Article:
This offseason, clearly, has been defined both by inactivity and an attempt to understand it. As free agents sit home just days before pitchers and catchers are scheduled to report, baseball and its fans have engaged in a conversation about economics and worth, value and spending. For some, inherent to that conversation is a sense that players ought to be content with what they have, that front offices presented with aging sluggers and hurlers have their hands tied. Voices as estimable as Bill James have endeavored to distance ball players from those who do so-called “real work.” Others have posited that owners are just being smart, and that really, don’t grown men playing a game make too much compared to the rest of us already? They aren’t teachers or firefighters, after all.
Players and analysts often seem surprised by this reaction. How can normal folks side with billionaires over millionaires? The incredulity is understandable: when moved to attribute avarice to strangers, it seems as if those with billions would make for more compelling targets. We get worked up over it, furious at the dearth of solidarity, fearful for what it might mean for other, less public struggles that involve our friends and neighbors.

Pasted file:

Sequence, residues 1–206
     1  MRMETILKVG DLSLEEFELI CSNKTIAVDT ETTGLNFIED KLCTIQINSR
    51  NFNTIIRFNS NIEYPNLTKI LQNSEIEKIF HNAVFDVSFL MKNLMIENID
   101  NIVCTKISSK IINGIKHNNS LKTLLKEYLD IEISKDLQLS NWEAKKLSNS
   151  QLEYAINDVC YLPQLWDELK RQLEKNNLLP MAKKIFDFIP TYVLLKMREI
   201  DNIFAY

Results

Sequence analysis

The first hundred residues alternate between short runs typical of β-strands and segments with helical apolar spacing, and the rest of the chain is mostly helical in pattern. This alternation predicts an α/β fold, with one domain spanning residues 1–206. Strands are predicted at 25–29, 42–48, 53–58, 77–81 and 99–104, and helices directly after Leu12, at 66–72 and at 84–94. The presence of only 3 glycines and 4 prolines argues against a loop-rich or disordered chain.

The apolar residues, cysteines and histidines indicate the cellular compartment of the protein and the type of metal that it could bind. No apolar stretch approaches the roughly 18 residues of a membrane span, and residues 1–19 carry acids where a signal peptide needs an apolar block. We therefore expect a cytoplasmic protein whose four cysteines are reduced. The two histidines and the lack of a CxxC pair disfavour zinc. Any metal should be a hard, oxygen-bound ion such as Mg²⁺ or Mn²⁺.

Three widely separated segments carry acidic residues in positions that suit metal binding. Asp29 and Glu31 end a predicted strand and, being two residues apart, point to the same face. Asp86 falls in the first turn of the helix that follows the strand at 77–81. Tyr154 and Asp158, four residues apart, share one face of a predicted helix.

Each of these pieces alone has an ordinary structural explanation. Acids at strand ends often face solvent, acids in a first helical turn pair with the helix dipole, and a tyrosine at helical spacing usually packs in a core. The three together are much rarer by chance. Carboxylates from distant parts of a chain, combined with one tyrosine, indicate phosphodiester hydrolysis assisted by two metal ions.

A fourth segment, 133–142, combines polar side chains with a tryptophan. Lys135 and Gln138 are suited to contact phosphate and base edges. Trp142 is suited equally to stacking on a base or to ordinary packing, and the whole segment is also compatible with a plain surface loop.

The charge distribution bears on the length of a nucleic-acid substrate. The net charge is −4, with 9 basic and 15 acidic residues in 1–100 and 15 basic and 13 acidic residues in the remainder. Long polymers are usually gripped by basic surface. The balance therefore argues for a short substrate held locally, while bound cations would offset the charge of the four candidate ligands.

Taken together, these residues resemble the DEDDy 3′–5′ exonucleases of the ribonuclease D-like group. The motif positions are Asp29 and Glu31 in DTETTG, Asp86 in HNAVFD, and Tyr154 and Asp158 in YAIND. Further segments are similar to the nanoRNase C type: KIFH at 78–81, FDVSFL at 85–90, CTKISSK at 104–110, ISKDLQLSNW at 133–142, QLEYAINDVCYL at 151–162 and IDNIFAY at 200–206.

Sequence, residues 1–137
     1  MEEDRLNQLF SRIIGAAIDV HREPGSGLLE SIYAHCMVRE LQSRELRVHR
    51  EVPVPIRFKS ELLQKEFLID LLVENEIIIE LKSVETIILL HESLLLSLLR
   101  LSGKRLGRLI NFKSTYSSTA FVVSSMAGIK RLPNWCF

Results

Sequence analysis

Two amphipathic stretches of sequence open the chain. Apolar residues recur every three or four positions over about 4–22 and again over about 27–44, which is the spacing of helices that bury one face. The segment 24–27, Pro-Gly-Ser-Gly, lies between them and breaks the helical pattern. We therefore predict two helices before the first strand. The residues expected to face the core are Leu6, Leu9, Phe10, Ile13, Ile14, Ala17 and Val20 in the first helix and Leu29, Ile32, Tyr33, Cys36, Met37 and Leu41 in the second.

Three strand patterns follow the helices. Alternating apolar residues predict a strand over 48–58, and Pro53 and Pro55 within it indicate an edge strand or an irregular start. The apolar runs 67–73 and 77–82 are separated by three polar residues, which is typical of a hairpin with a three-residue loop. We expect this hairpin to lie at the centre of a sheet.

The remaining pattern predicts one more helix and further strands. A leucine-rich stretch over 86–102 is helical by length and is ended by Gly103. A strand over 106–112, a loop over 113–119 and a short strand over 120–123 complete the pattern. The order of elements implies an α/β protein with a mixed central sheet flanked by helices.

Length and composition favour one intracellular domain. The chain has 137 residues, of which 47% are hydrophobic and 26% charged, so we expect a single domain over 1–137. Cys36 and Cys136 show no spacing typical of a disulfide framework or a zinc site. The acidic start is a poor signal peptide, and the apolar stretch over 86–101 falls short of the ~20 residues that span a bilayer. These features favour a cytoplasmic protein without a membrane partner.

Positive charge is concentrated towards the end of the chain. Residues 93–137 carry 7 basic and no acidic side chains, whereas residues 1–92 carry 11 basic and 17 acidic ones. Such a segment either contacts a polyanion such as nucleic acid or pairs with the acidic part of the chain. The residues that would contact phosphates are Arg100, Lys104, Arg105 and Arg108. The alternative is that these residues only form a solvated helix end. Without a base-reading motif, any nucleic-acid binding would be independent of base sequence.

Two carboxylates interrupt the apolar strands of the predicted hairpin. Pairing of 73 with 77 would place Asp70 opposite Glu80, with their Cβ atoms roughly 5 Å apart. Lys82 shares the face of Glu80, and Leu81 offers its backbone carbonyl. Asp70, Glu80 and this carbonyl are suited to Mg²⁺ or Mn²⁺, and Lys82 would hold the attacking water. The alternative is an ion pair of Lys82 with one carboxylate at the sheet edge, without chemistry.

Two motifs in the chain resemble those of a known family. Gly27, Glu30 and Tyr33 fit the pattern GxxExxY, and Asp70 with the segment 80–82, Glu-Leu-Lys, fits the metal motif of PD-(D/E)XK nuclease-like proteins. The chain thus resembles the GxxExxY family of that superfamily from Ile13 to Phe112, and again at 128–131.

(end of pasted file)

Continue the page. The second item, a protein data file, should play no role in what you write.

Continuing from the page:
But I wonder if we haven’t made a mistake. We’ve assumed that the sides are clear. But I think most fans don’t see millionaires pitted against billionaires; I think most fans don’t see the owners much at all.
Players stretch out over green fields. They thump home runs. They give us little bits of themselves to take with us. But players also leave. They give themselves to new people, people who aren’t our folks, who live in different places. They do that to us, or that’s how it can feel. The fan’s relationship with a player must necessarily be flexible. Players are a source of great fun and joy, but also embodiments of frustration. Fans weave those feelings, those experiences, together into a fabric in which we can cloak ourselves, a name across our backs, but one which is also liable to be pulled taut and ripped apart when we perceive conflict with the name on the front.